Why We Must Attack Alzheimer's Disease on a Range of Research Fronts

Alzheimer’s is a frustratingly complex disease of mixed origins that expresses itself in different ways. At least 70 percent of its variation remains unexplained. In an age when so much about Alzheimer’s disease is still unknown, a depth and range of funded topics is a necessity. Numerous routes of discovery must be explored. Scientists recognize that it’s unlikely one magic drug will prevent, postpone, or cure Alzheimer’s. Instead, a combination approach, or “cocktail” of different drugs may be necessary to modify or slow the progression of this complicated disease. That makes it all the more important that scientists explore various pathways and stages of the disease to find feasible drug

How Early Should You Be Screened For Breast Cancer?

The American Cancer Society's guidelines say that women should begin getting annual mammograms to screen for breast cancer once they turn 45 — but new research may just change that. A study published in CANCER, a peer-reviewed journal of the ACS, suggests that there may be life-saving value in getting tested even earlier, beginning at age 40. To read the full article, click HERE Written by KIMBERLY TRUONG for (PHOTOGRAPHED BY ASHLEY ARMITAGE)

Cedars-Sinai Develops New Technology to Detect Alzheimer’s

Finding protein plaques associated with Alzheimer’s disease can often require costly PET scans or invasive spinal taps. But researchers at Cedars-Sinai Medical Center, in conjunction with Sacramento-based NeuroVision Imaging, announced Tuesday they have discovered a way to detect and identify the disease by optically scanning eyeballs. In a peer-reviewed study published in “JCI Insight” last week, the scientists said they were able to employ experimental retinal imaging to detect and identify the beta-amyloid protein deposits that mirror those lodged in the brain. To read the full article, click HERE Written by Dana Bartholomew for the Los Angles Business Journal (Cedars-Sinai Hospital)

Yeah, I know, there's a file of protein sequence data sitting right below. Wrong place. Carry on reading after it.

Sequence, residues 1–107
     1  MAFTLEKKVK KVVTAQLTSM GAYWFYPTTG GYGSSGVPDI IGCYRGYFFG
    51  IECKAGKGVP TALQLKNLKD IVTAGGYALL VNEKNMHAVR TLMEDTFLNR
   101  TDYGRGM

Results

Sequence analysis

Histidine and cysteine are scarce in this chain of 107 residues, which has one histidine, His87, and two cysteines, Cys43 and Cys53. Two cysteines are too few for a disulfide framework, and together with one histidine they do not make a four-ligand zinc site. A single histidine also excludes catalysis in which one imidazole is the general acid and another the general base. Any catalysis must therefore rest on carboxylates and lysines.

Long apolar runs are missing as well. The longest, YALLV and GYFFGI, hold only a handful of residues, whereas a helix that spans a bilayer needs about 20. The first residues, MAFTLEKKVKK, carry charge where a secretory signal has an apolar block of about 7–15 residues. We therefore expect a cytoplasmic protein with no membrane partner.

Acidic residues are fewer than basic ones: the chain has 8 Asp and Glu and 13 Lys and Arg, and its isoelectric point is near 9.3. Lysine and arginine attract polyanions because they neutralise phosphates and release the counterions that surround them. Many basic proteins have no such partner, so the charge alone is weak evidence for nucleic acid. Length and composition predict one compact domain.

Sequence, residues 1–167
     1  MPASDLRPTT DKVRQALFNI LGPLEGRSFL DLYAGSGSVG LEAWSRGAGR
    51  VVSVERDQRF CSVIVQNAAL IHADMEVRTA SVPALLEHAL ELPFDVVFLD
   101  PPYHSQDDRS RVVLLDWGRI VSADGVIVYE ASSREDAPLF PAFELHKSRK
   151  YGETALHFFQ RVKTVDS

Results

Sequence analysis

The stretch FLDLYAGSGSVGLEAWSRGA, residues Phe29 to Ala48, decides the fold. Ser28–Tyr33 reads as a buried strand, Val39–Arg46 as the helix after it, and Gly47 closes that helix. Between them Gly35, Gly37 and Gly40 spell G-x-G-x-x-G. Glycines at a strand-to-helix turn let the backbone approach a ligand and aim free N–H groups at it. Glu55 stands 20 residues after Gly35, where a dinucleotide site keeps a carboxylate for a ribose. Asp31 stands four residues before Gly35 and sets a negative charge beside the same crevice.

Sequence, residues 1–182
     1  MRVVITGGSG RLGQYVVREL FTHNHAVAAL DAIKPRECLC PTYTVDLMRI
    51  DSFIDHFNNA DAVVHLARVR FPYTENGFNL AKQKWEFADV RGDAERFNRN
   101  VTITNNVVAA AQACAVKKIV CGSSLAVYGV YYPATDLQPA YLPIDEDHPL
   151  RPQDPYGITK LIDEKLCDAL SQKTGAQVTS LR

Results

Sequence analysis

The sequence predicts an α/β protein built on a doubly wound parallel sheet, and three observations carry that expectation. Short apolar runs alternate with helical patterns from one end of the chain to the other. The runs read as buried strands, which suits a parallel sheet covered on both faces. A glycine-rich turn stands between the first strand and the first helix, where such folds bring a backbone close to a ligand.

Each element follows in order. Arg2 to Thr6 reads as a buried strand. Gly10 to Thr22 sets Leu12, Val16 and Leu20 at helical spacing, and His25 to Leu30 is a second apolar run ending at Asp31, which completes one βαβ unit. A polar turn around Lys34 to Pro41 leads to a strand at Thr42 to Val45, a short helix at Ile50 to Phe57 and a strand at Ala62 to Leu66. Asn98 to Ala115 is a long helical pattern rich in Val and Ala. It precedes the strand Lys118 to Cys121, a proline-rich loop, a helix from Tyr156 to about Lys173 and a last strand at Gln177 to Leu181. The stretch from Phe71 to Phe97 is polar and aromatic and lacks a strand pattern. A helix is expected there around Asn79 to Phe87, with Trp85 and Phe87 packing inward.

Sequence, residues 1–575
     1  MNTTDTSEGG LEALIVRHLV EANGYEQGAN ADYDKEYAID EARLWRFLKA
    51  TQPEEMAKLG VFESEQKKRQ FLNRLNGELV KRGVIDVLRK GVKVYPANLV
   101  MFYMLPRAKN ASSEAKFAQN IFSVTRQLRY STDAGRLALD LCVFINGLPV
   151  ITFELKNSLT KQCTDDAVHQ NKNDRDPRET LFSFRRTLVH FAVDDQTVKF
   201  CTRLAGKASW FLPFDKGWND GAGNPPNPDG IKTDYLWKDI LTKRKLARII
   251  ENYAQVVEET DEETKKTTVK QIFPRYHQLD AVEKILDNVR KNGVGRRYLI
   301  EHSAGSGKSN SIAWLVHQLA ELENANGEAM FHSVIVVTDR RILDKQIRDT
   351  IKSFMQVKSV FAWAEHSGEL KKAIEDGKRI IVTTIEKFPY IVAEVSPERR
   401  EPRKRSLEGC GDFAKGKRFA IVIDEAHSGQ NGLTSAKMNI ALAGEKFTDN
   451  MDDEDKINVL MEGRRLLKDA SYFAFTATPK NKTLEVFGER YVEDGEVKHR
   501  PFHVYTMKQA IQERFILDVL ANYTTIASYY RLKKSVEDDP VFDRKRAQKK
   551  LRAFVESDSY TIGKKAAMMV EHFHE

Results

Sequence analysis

Night shifts linked with high breast cancer risk: Study

Women who work in night shifts may be at an increased risk of developing breast cancer, as artificial light blocks a hormone that plays a key role in suppressing growth of its tumours, claims a study. The study, published in journal Environmental Health Perspectives, showed that women who were premenopausal and were current or past smokers, and also who live in areas with high levels of outdoor light at night, were at risk of developing breast cancer - the most common cancer in women worldwide. "In our modern industrialised society, artificial lighting is nearly ubiquitous. Our results suggest that this widespread exposure to outdoor lights during night time hours could represent a novel ris

Research: Diet may help slow effects of Alzheimer's disease

lzheimer’s disease remains the sixth leading killer of Americans, taking the lives of more than 80,000 each year in the United States. But recent research on the effects of the disease provides clues into treatment, said Honor Health family physician Dr. Jeannine Hinds “Studies show the brains of Alzheimer's patients have plaque, deficits of certain brain chemicals and inflammation. Some of these symptoms are directly or indirectly related to chronic disease like diabetes or high blood pressure," Dr. Hinds said. The research suggests that a healthy diet can be an important tool to slowing down the effects of Alzheimer's disease, which begins damaging the brain 15 to 20 years before symptoms